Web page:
Invented Baby Names: Happy accidents that work

May 23, 2011 Linda Rosenkrantz

This week, Abby Sandel of  Appellation Mountain serves up some invented baby names that came about through accident or misunderstanding, but which are accepted as the real thing today.

Wednesday, May 25 is a big day for the small screen.  After twenty-five years as the reigning queen of daytime television, Oprah Winfrey will broadcast her last show.  She’s not headed from retirement – far from it.  Ms. Winfrey commands a media empire, from her own television network to magazines to Harpo Productions, responsible for everything from feature films to satellite radio shows.

The story about her given name is well known.  Born in rural Mississippi, her aunt chose the name Orpah from the Book of Ruth, and that’s the name recorded on her birth certificate.  But Orpah never really stuck, and family and friends morphed the Biblical obscurity into a whole new name, destined for greatness.

Oprah isn’t the only name formed by a happy accident.  Sometimes they’re actual errors made by the officials responsible for issuing birth certificates.  Basketball player Antawn Jamison was supposed to be named Antwan – the phonetic spelling of Antoine – but his parents decided they liked the mistake.

Invented baby names get a bad rap, but there are a surprising number of mistakes, flukes, and misinterpretations that have led to some well-established names.


Annabel – She first appears in medieval ScotlandAmabel, Mabel, and other names based on Amabilis – an early saint’s name from the Latin for lovable – were common.  Annabel appears to be either an error in recording, or possibly a sign that creative baby namers have been at work for centuries.

Aveline – Parents are rediscovering her as something of an AvaAdeline smoosh, but she was used in medieval England, either from the Germanic element avi – desired, or possibly from the Latin avis – bird.  She’s also the forerunner of Evelyn.

CoralineNeil Gaiman’s heroine was originally called Caroline.  The author explained that he mis-typed the name in an early draft and decided it suited his character.

ImogenWilliam Shakespeare’s Cymbeline is loosely based on a real-life king of the Britons.  King Cymbeline has a daughter called Imogen – except that Shakespeare almost certainly called her Innogen, from a Gaelic word for maiden.  Despite references to Innogen in the Bard’s notes, Imogen is used almost exclusively today.

Jade – She’s an ornamental stone and a popular choice for daughters in recent decades.  The Spanish name was originally piedra de ijada – stone of the flank.  It was thought that jade could cure ailments of the kidneys.  In French, piedra de ijada became l’ejade, and the English interpreted it as le jade.  Jade has been the English name for the stone since the 1600s.

Stella MarisStella is a style star, and you know Maris as Niles Crane’s unseen wife on Frasier.  Catholics refer to Mary as Stella Maris – star of the sea – but that’s based on a mistake.  St. Jerome referred to Mary as stilla maris – a drop in the sea – in his fourth century writings.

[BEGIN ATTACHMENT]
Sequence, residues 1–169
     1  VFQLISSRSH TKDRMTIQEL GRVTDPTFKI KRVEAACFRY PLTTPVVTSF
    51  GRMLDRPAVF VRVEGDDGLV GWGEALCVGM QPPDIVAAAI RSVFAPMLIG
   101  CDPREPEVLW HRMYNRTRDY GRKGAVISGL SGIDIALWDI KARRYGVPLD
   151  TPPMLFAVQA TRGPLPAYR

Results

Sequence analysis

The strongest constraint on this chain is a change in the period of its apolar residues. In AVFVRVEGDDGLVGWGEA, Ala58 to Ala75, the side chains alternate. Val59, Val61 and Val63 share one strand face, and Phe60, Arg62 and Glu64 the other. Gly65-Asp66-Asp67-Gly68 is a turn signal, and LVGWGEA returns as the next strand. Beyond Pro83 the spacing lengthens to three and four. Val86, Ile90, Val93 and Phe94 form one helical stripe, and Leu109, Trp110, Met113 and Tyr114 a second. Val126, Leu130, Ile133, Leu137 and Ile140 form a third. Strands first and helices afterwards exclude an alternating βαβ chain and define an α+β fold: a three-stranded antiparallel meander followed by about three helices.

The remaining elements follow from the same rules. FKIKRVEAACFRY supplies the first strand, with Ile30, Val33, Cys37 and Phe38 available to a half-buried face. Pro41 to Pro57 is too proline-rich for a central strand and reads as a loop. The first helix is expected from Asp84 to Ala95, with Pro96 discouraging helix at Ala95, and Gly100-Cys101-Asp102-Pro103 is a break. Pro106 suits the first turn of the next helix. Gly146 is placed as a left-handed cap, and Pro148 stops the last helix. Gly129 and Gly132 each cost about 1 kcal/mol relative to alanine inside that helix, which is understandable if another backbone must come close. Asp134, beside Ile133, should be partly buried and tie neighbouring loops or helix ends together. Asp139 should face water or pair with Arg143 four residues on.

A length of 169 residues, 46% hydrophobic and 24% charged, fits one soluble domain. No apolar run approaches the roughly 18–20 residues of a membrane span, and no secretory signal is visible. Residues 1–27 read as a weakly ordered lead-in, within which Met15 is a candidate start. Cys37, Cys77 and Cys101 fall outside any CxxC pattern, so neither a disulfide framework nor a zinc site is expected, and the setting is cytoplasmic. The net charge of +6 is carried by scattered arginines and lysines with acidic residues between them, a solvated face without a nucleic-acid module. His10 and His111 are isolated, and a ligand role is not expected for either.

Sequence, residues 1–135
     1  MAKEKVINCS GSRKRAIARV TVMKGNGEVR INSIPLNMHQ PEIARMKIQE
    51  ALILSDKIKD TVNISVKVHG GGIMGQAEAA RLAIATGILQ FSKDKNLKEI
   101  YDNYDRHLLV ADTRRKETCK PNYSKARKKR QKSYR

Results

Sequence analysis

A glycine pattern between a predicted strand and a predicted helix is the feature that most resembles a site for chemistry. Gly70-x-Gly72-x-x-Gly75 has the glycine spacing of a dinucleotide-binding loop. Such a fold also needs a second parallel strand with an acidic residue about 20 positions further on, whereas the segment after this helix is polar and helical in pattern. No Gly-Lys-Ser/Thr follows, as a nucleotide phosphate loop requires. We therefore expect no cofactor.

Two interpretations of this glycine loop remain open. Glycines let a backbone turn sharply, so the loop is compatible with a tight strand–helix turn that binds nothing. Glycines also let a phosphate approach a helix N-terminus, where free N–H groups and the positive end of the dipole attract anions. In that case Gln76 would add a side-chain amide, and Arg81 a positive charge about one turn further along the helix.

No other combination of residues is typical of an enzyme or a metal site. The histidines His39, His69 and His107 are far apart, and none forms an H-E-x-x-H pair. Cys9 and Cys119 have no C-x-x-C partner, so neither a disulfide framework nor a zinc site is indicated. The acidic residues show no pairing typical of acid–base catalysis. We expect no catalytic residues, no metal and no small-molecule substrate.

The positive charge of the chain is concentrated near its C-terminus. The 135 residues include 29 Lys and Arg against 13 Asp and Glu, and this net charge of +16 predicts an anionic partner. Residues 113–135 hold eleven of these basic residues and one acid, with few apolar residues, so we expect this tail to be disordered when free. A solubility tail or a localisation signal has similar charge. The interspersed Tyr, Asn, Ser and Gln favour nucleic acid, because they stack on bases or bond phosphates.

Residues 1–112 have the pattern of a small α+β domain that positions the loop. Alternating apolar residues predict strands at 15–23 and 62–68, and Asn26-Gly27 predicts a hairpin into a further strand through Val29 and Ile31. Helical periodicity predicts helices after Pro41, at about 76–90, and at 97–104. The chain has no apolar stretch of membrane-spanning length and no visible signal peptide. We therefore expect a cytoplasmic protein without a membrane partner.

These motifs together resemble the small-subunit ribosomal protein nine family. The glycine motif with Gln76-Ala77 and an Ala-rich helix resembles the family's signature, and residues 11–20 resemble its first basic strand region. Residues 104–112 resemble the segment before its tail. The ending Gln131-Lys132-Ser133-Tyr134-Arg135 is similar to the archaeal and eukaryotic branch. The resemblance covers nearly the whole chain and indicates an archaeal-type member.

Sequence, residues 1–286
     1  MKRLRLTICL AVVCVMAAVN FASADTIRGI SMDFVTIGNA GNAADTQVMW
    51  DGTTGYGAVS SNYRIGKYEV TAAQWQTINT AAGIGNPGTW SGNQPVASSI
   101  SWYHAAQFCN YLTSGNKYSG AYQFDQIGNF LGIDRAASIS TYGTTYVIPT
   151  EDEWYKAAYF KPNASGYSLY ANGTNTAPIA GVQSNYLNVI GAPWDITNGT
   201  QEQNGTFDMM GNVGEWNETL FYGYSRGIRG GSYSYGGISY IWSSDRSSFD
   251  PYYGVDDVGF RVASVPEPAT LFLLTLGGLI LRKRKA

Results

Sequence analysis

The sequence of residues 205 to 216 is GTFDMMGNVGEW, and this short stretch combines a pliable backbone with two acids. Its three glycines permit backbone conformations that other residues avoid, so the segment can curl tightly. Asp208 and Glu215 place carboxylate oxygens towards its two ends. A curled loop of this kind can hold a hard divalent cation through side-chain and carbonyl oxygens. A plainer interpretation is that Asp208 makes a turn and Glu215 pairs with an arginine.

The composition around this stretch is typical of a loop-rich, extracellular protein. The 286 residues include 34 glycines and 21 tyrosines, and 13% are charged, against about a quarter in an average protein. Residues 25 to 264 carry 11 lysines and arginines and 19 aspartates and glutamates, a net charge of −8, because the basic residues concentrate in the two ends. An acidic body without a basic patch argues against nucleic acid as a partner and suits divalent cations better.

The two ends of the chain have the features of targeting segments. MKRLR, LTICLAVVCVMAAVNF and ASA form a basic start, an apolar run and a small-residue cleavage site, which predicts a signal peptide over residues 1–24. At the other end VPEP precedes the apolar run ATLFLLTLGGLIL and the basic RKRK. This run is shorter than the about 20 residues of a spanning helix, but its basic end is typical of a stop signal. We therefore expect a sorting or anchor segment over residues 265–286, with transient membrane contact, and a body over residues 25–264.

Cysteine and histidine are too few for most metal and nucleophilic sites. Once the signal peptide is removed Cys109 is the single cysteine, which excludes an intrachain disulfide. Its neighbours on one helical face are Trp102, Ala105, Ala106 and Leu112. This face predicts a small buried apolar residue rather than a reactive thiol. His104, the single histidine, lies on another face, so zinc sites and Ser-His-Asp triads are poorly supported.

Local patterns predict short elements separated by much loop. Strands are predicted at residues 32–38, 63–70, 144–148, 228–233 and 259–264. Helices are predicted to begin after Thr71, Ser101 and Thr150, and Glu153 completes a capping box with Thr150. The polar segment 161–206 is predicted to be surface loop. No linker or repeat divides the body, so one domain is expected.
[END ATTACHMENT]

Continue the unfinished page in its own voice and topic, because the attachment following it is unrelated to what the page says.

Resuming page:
RosamondRosamund Clifford was a medieval beauty, and mistress to King Henry II of England.  Her name was from solid Germanic elements referring to horses, but thanks to the fame of the lovely Ms. Clifford, the definition changed.  Her nickname was “Rose of the World” – a play on the Latin phrase rosa mundi.  It stuck, and Rosamond is now considered a pretty, botanical choice.


 Cedric – A fifth century Anglo-Saxon king answered to Cerdic, but Sir Walter Scott’s reinterpreted the name as Cedric in his nineteenth century novel Ivanhoe.  It isn’t certain if Scott made an error or a deliberate choice when he changed the name, but ever since a pre-Twilight Robert Pattison played an ill-fated Quidditch player in the Harry Potter series, Cedric has attracted more attention.

Diego – The saintly James might be the name with the most interesting evolution.  Early Spanish forms of James would have been Iago or YagoSantiago means Saint James.  Split Santiago in a different place, and you arrive at Tiago or Diego – modern Spanish equivalents of the evergreen, international name.

EllisElijah became Elias and then Elis in medieval English.  Ellis emerged as the most common spelling, and a surname with literary overtones.

Jacob – See James.

James – Few names are as well-traveled or as often-transformed as Jacob and James.  The Old Testament Yaaqov became the Latin Iacobus, and later, Iacombus and then Iacomus.  It isn’t exactly a mistake, but it is a long, twisted set of changes that created two of the most popular boys’ names in the US.

Nigel – The legendary high kings of Ireland included Niall.  When scholars attempted to Latinize his name, they incorrectly assumed Niall was derived from the word black – and so they used Nigellus.  By the twelfth century, men were named Nigel – an accidentally formed, very British-sounding version of Neil.

 There are more invented baby name stories like these – cases where the tiniest of changes can result in a whole new name, possibly one that will eclipse its original form.


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